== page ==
A restaurant concept does not have to do everything to be relevant. There are dozens of news tools and platforms every month, so keeping up and identifying the appropriate tools is not possible. But staying on the sidelines while technology moves forward is not wise. Small tests and programs will help find the best tools and move your business forward. Gathering data from your customers to better serve and communicate simply can’t wait.

Waning brand loyalty means the experience curve matters

Dozens of new restaurant chains launched this year, each changing the expectation of consumers just a bit more. With more competition, it should come as no surprise that loyalty is down, or at least that brand loyalty does not mean what it once did. People take advantage of choice and offers as their budgets continue to be tight. Understanding the experience curve can help brands stem the waning tide of brand loyalty.

Is brand loyalty down? In some categories worse than others. Facebook shared a study they conducted to identify the differences between “Brand Loyalists” and “Repeat Purchasers.” Interestingly, they were able to divide up the two groups by the descriptive words they used about their favorite brands. Loyalists, it seems, use experiential words. Words like fun, friendly, clean, innovative.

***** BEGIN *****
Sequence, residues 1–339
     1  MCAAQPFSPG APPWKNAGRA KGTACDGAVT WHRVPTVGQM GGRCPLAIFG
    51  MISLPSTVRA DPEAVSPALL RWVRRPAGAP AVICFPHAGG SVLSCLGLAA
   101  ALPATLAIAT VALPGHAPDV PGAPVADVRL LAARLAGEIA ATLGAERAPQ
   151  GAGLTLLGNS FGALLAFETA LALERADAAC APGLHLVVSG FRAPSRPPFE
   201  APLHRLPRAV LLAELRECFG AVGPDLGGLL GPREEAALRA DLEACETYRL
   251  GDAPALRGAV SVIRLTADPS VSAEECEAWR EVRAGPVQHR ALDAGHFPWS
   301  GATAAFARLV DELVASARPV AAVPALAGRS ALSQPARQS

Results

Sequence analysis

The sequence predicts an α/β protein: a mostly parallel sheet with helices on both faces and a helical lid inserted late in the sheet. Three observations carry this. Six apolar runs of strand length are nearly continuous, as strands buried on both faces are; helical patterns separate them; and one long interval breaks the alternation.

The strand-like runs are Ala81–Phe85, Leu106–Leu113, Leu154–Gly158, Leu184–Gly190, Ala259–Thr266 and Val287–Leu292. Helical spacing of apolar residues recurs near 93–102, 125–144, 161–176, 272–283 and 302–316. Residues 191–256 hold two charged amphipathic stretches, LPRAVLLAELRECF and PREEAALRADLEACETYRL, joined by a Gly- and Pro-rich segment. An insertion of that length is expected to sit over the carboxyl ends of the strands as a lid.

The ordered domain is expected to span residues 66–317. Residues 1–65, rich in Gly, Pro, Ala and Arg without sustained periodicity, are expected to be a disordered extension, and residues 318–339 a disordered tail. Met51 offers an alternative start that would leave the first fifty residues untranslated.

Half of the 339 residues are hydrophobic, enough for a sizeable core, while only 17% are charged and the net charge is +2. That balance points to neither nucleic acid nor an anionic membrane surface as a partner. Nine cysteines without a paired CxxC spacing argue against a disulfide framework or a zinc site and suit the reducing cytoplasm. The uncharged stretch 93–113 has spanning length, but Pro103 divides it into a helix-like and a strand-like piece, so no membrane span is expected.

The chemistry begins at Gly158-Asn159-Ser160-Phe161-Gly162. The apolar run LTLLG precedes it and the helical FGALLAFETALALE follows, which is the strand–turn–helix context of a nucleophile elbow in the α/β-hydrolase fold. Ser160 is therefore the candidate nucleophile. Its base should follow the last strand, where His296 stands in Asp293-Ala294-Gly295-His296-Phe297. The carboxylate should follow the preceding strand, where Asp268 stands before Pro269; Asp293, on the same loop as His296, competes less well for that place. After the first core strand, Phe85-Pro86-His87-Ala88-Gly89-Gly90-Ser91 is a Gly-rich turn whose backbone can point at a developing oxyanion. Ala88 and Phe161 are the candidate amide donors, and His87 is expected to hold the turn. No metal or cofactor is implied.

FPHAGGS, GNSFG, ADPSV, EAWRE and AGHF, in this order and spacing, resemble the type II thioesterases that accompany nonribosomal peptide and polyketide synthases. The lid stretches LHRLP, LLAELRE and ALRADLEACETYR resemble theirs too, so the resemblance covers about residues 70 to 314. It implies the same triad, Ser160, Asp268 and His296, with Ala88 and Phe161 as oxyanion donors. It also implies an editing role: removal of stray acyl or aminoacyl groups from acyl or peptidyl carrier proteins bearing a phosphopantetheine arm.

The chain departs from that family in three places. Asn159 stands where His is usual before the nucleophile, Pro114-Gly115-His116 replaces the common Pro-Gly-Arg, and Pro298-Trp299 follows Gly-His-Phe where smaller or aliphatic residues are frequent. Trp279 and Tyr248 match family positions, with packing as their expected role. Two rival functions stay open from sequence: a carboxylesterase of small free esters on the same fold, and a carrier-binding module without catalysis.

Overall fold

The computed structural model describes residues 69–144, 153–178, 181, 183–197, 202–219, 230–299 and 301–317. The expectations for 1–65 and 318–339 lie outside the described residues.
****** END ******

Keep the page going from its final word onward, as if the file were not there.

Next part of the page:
New is better than known.

What is causing the change in loyalty? In a recent article in Forbes, the author ties it back to macro shifts in culture itself. Loyalty has dissolved across many parts of life, and now brands suffer as a result. An interesting read for sure. The most relevant driver listed there is “‘New’ is better than ‘Known’.” It isn’t backed by any statistics, but is inherently understandable.

For each new restaurant concept, there is a trial. People want an experience they recognize or can quickly grasp, but they do not want the same old experience. This is a shift in the experience paradigm. Quick service operations came to dominance in the 70’s and especially the 80’s by standardizing everything about their experience. Fast casuals have exploited some of those standards for better or worse. Guests are familiar with waiting in line for a hamburger at Five Guys from QSR experiences. But the true open kitchen and communication style of the staff tells guests immediately that this is going to be different.